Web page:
Summer in Space

Spend your summer holiday in space

This summer, from 23 July – 31 August, we’re inviting families to spend their summer holiday in space.

Summer in Space

Our new space trial will take you past some of the gems of our space collection. See the original Apollo 10 Command Module – the capsule that travelled around the Moon as a dress rehearsal for the Moon landing. Plus you can see a full-sized replica of the Apollo 11 Lunar Lander that took astronauts Neil Armstrong and Buzz Aldrin to the Moon in 1969.

Kids can also play games about space tourism and decide if they would actually like to spend a holiday in outer space. They’ll collect some codes to grab a special souvenir at the end.

Another destination on the journey is our huge IMAX cinema. Immerse yourself in the incredible mission to service the Hubble space telescope in Hubble 3D, or witness the building of the International Space Station in Space Station 3D.

Find out all the things you never knew about what astronauts do and meet our Yuri Gagarin drama character, who’ll give his entertaining account of what it was like to be the first man in space exactly 50 years ago. You can find out more and plan your trip to space at

Don’t forget to follow us on Twitter and Facebook to stay up to date on everything at the Museum. Check back for exclusive updates from our space curator Doug Millard.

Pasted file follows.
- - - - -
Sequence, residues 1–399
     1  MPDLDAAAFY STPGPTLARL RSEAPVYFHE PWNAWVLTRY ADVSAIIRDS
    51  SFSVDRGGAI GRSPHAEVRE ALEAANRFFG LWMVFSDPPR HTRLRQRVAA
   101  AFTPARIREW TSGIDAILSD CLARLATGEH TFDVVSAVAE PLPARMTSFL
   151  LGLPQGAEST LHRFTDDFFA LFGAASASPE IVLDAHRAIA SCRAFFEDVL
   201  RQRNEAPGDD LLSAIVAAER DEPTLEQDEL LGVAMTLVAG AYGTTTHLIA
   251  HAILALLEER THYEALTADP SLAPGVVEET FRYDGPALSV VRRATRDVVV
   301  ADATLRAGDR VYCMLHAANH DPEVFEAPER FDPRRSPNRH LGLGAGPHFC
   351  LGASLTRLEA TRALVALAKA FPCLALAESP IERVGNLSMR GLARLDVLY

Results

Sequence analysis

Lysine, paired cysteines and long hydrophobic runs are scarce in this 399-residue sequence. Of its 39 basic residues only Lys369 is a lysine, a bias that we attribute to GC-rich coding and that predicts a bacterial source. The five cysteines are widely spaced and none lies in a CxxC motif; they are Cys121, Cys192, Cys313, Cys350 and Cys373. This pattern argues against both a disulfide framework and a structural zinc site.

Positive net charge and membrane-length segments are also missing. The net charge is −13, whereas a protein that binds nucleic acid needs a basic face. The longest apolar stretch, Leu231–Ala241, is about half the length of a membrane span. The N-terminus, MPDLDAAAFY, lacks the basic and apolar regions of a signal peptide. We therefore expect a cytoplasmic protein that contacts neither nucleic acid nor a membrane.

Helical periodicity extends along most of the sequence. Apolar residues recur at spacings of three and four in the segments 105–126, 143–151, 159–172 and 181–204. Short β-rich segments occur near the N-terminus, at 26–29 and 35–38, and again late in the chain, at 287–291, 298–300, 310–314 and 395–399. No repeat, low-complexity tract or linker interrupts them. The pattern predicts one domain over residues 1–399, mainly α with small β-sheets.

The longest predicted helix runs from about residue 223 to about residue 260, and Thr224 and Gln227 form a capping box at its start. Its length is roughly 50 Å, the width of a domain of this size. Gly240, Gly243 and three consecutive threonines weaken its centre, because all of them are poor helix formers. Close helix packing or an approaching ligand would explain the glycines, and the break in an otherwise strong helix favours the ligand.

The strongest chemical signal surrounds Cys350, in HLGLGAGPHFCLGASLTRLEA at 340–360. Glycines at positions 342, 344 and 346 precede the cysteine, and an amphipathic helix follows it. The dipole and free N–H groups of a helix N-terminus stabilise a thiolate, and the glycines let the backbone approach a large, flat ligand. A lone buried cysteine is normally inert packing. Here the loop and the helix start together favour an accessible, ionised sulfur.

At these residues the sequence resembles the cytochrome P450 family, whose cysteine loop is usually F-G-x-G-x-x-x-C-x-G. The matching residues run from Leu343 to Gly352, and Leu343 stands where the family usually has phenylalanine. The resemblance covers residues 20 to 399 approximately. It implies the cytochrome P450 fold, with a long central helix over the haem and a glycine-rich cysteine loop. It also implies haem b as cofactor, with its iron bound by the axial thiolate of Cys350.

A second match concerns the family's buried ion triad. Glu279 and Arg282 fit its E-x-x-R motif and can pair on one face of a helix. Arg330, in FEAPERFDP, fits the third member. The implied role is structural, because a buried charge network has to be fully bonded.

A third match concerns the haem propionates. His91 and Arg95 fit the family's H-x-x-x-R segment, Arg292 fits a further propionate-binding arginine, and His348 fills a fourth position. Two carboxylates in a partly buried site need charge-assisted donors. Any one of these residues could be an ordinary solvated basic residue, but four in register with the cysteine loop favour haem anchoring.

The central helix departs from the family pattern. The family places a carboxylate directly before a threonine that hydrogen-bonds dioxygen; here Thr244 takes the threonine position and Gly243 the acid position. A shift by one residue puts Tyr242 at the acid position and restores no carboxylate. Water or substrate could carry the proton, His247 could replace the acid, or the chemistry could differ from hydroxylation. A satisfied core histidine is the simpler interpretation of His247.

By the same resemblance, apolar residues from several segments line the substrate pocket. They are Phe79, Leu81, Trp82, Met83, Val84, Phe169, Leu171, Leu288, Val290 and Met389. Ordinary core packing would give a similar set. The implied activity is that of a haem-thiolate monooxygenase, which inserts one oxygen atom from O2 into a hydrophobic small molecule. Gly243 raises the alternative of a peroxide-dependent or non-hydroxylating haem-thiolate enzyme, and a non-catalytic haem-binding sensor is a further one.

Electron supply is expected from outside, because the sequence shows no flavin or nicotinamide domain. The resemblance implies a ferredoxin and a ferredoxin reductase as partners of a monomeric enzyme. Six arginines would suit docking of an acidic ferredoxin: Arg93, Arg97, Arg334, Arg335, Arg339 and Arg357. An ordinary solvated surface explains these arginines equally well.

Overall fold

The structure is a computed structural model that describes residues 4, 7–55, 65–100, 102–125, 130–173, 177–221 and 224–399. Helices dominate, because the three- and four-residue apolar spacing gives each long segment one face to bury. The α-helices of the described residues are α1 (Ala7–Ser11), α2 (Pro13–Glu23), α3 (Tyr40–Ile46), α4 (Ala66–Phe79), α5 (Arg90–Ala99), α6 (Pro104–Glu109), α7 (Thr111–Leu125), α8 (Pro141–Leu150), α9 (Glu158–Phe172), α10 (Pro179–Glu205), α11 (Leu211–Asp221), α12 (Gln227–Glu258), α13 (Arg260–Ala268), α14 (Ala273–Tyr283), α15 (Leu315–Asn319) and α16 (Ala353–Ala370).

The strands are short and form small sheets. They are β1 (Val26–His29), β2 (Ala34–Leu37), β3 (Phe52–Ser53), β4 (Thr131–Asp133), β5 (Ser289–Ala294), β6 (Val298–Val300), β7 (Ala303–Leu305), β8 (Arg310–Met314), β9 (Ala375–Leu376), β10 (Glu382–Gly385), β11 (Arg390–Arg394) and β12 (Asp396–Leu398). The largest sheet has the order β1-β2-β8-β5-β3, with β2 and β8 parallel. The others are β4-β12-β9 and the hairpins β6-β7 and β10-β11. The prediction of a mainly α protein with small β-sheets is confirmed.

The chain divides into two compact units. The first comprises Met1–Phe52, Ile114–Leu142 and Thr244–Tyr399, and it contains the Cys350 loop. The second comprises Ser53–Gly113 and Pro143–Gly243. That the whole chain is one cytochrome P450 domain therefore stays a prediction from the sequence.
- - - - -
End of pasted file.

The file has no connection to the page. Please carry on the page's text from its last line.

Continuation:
Drawings displayed in Launchpad

Your inventions

What are disco-dancing music shoes and stomping robot ponies doing in the Science Museum? Well…

Launchpad is our ‘hands-on minds-on’ gallery which is all about asking questions and making sense of the way things work.

The interactive exhibits (echo tube, air cannon, bubble wall etc) can get the kids pretty excited, so for a change of pace we encourage them sit down and draw a picture.

Sometimes they draw themselves playing in the gallery, sometimes it’ll be their vision of the future or an idea for a crazy new invention. The drawings are then displayed on the wall for everyone to see.

Drawings displayed in Launchpad

Drawings displayed in Launchpad

We’ve got hundreds tucked safely away and we’re going to start sharing the best of them via this blog.

But to give you a taste of what’s to come check out this wonderful animation. It was made by Sierk Heintzmann, who scanned some of the drawings before animating them with a soundtrack of the kids who created them. Watch out for the stomping robot ponies…